Chica’s story

From street life to sweet life….

The above heading is borrowed from Galgos Del Sol, one of the charities we are supporting, but it sums up Chica’s story perfectly..

Finn – the super-lurcher

In October 2016 we lost Finn, my beautiful lurcher. We had been together for eleven years and I was completely devastated. I know we all say this, but he was a very special dog indeed. I was booked to go to Spain with a friend two days later and though I would have rather stayed under the bedclothes and wept for ever, I went along.

But it seems that nature abhors a doggie vacuum! Two days later, as we were sheltering in a bar from the pouring rain, someone brought in a pup they had found stuck in a storm drain. She was dripping wet, cold and terrified, and clearly half-starved.

No-one in the bar was interested in a stray dog so we took her back to our lodgings, dried her off, fed her and gave her a comfy blanket. She finally stopped shivering and slept. In the meantime, we learned that she had been hanging around the village for a while, trying to eke a living on the street. She had apparently belonged to a local hunter who bred a litter every year, took his pick and chucked the rest out. It’s a common enough story!

I doubt she had ever had enough to eat and we had to feed her carefully to stop her gorging. Even now, four years on, she will still eat until she nearly explodes, given the chance. They never forget the time when they were hungry. We took her out on the lead and she trotted along beside us clearly thinking that things were looking up and she’d stick with us. She was perfect in the car too. Even when we left her for ten minutes (but within sight), she just curled up and went to sleep. She seemed to understand that she was safe now.

Looking happier…..

Chica means ‘little girl’ in Spanish and it suited her so we decided on that, at least temporarily. But it stuck and Chica she remains, (though now this often gets corrupted to Cheeks or Squeaks). We had a lovely week taking her for walks and watching her gain confidence. I had called Tom back in the UK the day we found her and being at least as soft as I am, he told me to do whatever was necessary – he’d cover the cost. She had a check-up and a rabies jab, necessary for her to get a passport. She was fine and although underweight, she was already filling out and looking much happier.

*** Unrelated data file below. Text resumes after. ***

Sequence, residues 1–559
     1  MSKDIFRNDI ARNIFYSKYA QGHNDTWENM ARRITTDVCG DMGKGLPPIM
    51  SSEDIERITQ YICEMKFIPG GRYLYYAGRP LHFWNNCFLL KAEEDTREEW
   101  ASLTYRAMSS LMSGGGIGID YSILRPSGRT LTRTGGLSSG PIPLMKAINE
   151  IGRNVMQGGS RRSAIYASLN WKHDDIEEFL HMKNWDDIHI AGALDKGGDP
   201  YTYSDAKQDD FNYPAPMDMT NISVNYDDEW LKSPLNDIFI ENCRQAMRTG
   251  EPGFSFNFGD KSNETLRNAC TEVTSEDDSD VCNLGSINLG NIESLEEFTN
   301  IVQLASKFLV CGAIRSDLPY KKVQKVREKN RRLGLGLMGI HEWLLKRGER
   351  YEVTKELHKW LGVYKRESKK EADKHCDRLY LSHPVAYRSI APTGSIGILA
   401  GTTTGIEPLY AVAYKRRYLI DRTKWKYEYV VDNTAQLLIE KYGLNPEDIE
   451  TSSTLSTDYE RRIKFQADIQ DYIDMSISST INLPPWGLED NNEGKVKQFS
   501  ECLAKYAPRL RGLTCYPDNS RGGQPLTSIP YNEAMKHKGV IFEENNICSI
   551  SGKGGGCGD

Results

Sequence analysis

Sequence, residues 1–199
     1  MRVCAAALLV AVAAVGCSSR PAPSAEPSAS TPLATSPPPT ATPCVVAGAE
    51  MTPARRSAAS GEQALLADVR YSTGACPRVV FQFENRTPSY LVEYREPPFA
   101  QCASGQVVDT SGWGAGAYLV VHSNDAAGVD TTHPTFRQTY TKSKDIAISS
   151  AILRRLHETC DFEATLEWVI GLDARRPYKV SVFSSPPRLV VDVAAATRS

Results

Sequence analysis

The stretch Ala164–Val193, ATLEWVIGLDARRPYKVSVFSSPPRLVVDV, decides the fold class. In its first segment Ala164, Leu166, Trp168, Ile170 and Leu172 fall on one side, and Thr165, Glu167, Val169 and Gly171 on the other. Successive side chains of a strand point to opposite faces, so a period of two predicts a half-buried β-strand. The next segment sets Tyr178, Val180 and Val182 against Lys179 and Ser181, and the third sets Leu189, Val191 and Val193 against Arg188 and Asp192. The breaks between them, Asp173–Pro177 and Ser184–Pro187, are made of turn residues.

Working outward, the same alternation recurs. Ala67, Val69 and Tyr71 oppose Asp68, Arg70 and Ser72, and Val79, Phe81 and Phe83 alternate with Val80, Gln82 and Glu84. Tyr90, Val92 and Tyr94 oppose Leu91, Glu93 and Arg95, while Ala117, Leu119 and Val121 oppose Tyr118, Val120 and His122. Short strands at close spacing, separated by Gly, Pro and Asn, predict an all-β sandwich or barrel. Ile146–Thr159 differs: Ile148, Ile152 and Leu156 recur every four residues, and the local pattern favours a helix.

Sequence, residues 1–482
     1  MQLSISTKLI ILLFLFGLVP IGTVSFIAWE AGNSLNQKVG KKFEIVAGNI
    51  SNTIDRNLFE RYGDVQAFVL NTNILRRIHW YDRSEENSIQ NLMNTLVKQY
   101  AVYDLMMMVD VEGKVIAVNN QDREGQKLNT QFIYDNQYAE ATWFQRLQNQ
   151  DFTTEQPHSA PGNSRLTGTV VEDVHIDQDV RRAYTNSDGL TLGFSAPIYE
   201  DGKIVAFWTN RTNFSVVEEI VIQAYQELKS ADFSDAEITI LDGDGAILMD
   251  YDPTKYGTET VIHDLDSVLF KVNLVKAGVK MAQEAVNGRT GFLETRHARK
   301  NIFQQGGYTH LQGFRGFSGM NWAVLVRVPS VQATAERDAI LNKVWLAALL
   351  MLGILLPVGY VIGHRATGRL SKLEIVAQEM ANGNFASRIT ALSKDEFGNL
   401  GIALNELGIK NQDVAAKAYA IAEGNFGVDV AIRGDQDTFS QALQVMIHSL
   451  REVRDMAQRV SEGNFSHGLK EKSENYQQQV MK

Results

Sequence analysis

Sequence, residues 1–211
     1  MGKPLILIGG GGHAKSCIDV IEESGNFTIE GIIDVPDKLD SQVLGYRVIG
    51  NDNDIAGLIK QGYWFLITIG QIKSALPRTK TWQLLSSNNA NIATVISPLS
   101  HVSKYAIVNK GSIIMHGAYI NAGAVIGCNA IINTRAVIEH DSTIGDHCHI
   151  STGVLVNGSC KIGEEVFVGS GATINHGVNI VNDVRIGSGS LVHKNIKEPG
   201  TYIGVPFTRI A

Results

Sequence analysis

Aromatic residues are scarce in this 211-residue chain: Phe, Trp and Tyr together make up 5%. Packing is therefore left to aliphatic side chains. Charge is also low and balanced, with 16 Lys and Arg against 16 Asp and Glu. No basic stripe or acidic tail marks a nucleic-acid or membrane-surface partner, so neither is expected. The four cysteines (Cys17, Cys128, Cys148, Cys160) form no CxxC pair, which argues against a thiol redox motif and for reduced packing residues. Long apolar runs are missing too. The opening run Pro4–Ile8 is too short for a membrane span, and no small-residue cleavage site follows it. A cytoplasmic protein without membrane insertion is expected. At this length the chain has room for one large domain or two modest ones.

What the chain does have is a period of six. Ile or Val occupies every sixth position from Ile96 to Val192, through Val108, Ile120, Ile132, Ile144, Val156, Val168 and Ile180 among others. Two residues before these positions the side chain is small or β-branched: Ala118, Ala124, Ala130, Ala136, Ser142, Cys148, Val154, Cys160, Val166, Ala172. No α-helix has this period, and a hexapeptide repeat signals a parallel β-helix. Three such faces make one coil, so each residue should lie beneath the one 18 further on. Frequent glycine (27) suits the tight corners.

There is however a waiting time of 45 days between having the inoculations and being able to travel so we were going to have to leave her. She couldn’t fly back with us anyway. We found a good kennels where we knew she’d be well looked-after, but it was still difficult to walk away.

Just after Christmas, Tom and I drove down to Spain and Tom met her for the first time. She was well (but fat) and very happy. She was introduced to our other two dogs, Arthur, the lurcher, and Merlin, the patterdale, and they spent the next few weeks getting to know each other before we headed back to the UK. We had a scare at Calais when Chica’s passport was declared invalid – the vet giving her the rabies jab hadn’t stamped it. So we had to rush to a Calais vet to sort it out. Chica is therefore a Spanish dog, with a French passport living in the UK.

Putting all your dogs in one basket…

She, of course, couldn’t care less – she’s warm, well-fed and loved. It could have been so different.

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